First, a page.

Microadventures: Short, Perspective-Shifting Bursts of Travel Close to Home …*

This ‘advertisement’ from The School of Life makes a very poignant point about one of the great motivations to travel: “The real desire to travel isn’t to go anywhere. It’s to leave parts of ourselves behind.” In reality, of course, it is impossible to just decide to shed the bits of ourselves we dislike and magically, on the spot, be done with them. Well, maybe I shouldn’t say impossible, but it certainly has never happened that way in my own experience or the experiences of those around me, from what they’ve reported. For example, a few weeks ago, I shared a short animated video of Brené Brown talking about how blame has absolutely no adaptive value and how stopping ourselves from blaming confers some very attractive outcomes like better relationships and a stronger capacity for empathy. Compelled by the research, I decided to stop blaming but the desire to do it still arises and I have to actively stop myself from blaming, over and over, each time that desire comes back. It takes work, not just willpower, and sometimes it’s uncomfortable, but that’s what it takes to leave the unwanted bits of ourselves behind. What travel does afford us is the mental space from our nearly automatic cognitive and emotional habits and ingrained responses. In new environments and engaged in new experiences, we are more able and often more willing to question our assumptions and to pause our reactions.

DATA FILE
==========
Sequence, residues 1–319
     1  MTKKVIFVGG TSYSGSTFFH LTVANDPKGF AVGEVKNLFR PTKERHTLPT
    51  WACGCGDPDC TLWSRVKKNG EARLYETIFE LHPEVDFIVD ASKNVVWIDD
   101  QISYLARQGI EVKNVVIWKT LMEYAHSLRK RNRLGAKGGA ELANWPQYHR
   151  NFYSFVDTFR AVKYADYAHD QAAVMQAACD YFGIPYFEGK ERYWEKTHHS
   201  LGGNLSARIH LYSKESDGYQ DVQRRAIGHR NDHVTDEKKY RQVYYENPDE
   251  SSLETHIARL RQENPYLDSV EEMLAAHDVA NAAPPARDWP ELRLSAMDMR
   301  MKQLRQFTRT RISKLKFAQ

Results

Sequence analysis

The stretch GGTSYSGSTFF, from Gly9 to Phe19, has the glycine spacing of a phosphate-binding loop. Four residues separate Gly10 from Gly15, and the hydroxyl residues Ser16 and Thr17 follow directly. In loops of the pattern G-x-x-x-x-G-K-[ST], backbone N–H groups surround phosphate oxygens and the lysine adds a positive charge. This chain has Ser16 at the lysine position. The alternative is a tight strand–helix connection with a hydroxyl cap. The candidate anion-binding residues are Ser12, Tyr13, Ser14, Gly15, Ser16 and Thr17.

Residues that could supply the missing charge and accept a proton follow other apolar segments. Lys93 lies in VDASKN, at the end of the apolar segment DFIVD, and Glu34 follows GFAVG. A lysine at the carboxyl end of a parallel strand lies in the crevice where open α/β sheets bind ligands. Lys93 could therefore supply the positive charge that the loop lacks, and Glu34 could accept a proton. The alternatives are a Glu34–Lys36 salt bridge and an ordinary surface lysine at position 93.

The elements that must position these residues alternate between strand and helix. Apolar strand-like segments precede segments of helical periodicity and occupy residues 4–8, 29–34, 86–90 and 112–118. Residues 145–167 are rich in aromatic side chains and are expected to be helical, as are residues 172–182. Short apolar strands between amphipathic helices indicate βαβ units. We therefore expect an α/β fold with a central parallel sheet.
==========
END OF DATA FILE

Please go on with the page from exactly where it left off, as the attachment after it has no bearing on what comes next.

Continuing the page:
Which is where microadventures come in, giving us an opportunity to benefit from the mental space of travel without the financial costs or time requirements of traveling to faraway places. Microadventures, a term coined and championed by British explorer Alastair Humphreys are, “short, perspective-shifting bursts of travel closer to home, inspiring followers to pitch a tent in nearby woods, explore their city by moonlight, or hold a family slumber party in the backyard.”

Originally I set myself on a course of being a quintessential heroic British explorer and did that sort of thing for quite a few years. But a couple things happened. During the motivational talks I give, the audience would call themselves “normal people,” while I was “the adventurer.” But I’m a normal person, too, and I wanted them to see they could go on their own adventures. Also, I have a wife and two young children, and I couldn’t go off for months at a time. To stop myself from going stir-crazy, I came up with adventures closer to home.

[ . . . ]

Yeah, the first was when I decided to walk a lap of the M25 motorway, the 120-mile road around London. I live quite near it and while it seems rather boring, I started to get curious about where it went. It was also a metaphor for finding pockets of beauty wherever you are, one of the things I love about adventure. I absolutely loved that walk. My original idea was to try to do the most epic things I possibly could without going far, but I found that “epic” limited people from participating in the idea. The key is getting beyond the excuses. If you can’t climb a mountain, climb a hill. –Alastair Humphreys

Source: The Virtues of Microadventures 

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